Tammie: You also write about a treatment model for survivors of abuse based on the work of the late Dr. Richard Wienecke. Can you share a bit about how his ideas influenced your work?

Linda: It's what I describe above, formerly known as "the masochism model." Two of my supervisors were trained by the late Dr. Wienecke, who was a very humble, kind, and generous soul from all reports. Part of the beauty of his theory, which he never published, was that it provided a kind of framework which each person could flesh out in their own way.

I have a kind of thumbnail sketch of how I used to present the theory to clients on my website. I used to tell in-patients (with tongue-in-cheek) that a condition for discharge was that they had to master the theory, explain how it applied to their own lives, and teach it to another patient. Several took me up on the challenge and never failed to amaze me with their grasp of it and with they way that they personalized it from their own experiences. It's an elegant theory, and it makes sense. (For all its simplicity, however, I resisted it for a full year before I "got it." My clients were generally much quicker to catch on.)

Tammie: Would you consider pain to be a teacher? If so, what are some of the lessons your own pain has taught you?

Linda: Pain is. Pain is a teacher.

In one of her poems, Dr. Clarissa Pinkola Estes, a powerful healer whom I revere, says "A wound is a door. Open the door." It's an opening to understanding. If we pass up the opportunity to learn its lessons, whatever they may be, then suffering becomes meaningless and loses its transformative potential. And life becomes flattened out and dried up somehow.

An important lesson for survivors, however, is that pain need not be the only teacher. You don't have to be in pain to learn and grow. It certainly commands our attention when it happens, however, and we might as well use it, for what it's worth.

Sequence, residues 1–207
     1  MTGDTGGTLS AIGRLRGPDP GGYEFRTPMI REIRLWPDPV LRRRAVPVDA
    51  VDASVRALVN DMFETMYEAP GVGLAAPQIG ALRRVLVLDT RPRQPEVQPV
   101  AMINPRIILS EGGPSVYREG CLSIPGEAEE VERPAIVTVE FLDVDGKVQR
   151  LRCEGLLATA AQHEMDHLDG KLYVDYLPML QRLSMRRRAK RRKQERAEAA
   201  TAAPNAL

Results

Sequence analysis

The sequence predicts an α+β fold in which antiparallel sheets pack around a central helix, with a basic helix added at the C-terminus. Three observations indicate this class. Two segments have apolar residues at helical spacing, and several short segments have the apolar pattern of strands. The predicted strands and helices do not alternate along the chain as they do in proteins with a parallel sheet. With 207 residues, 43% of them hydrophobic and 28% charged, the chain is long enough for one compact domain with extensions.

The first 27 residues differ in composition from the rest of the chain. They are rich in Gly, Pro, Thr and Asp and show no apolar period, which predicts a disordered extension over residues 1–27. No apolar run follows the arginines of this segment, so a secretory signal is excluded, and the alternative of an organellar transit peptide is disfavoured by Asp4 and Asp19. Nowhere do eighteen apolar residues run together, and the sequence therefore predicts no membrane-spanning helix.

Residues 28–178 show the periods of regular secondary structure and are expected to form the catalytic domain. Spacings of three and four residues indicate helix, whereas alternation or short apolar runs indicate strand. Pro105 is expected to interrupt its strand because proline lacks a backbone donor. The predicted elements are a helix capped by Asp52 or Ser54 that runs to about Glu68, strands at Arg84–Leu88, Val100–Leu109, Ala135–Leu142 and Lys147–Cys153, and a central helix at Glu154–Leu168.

Tammie: Can you talk a little about your own healing journey?

Linda: It's an ongoing process. I conceptualize the healing journey as circular, like the rings on a tree, because many times when I think I have dealt with an issue, I find myself facing it again from yet another perspective. My journey has had many stops and starts, lapses, undoings and "do-overs". It's turned me every which way but loose. I've often said that it feels like it has a life of its own, and I am just along for the ride!

The hardest part of my journey has been the experience of re-traumatization by a therapist who had cultivated my trust for several years, then betrayed it. That's why I believe that it's so vitally important that therapists practice ethically (especially in terms of honoring therapeutic boundaries); that we seek psychotherapy, and that we avail ourselves of skilled consultation on a regular basis to deal with transference and countertransference issues, which are the at the core of the therapeutic relationship.

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It's a sacred privilege to be invited into a client's world. Some people abuse this power. They shouldn't be practicing. And some people, like my childhood art teacher, are not therapists at all but can exert a tremendous therapeutic power in relationship. Remembering the force of good she had in my life helps me heal from my experience of re-traumatization, and inspires me to be the kind of healer she was in my life.

Tammie: What do you consider to be the most important step in healing?

Linda: The most important step in healing is always the next step. The step up out of despair and into hope. The step into the abyss, with a wild prayer that somehow I can find a hand-hold. So far, I have. Or it has found me.

Tammie: Thanks so much Linda.... Appreciate your wonderful wisdom

Linda: Thank-you, Tammie, for the chance to speak these things. Thank-you for asking, and for hearing me out. I so appreciate your thoughtful questions.

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APA Reference
Staff, H. (2009, January 6). Linda Chapman on 'The Wounded Healer', HealthyPlace. Retrieved on 2024, July 25 from

Last Updated: July 18, 2014

Medically reviewed by Harry Croft, MD